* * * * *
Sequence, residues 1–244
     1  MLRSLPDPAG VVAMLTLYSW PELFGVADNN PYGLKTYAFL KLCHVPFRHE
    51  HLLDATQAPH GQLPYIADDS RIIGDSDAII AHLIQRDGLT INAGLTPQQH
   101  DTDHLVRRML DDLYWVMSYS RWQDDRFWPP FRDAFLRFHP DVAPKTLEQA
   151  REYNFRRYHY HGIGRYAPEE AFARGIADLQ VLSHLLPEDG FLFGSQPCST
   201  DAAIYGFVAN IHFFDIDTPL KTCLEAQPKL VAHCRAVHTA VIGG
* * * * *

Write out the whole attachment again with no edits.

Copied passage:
Sequence, residues 1–244
     1  MLRSLPDPAG VVAMLTLYSW PELFGVADNN PYGLKTYAFL KLCHVPFRHE
    51  HLLDATQAPH GQLPYIADDS RIIGDSDAII AHLIQRDGLT INAGLTPQQH
   101  DTDHLVRRML DDLYWVMSYS RWQDDRFWPP FRDAFLRFHP DVAPKTLEQA
   151  REYNFRRYHY HGIGRYAPEE AFARGIADLQ VLSHLLPEDG FLFGSQPCST
   201  DAAIYGFVAN IHFFDIDTPL KTCLEAQPKL VAHCRAVHTA VIGG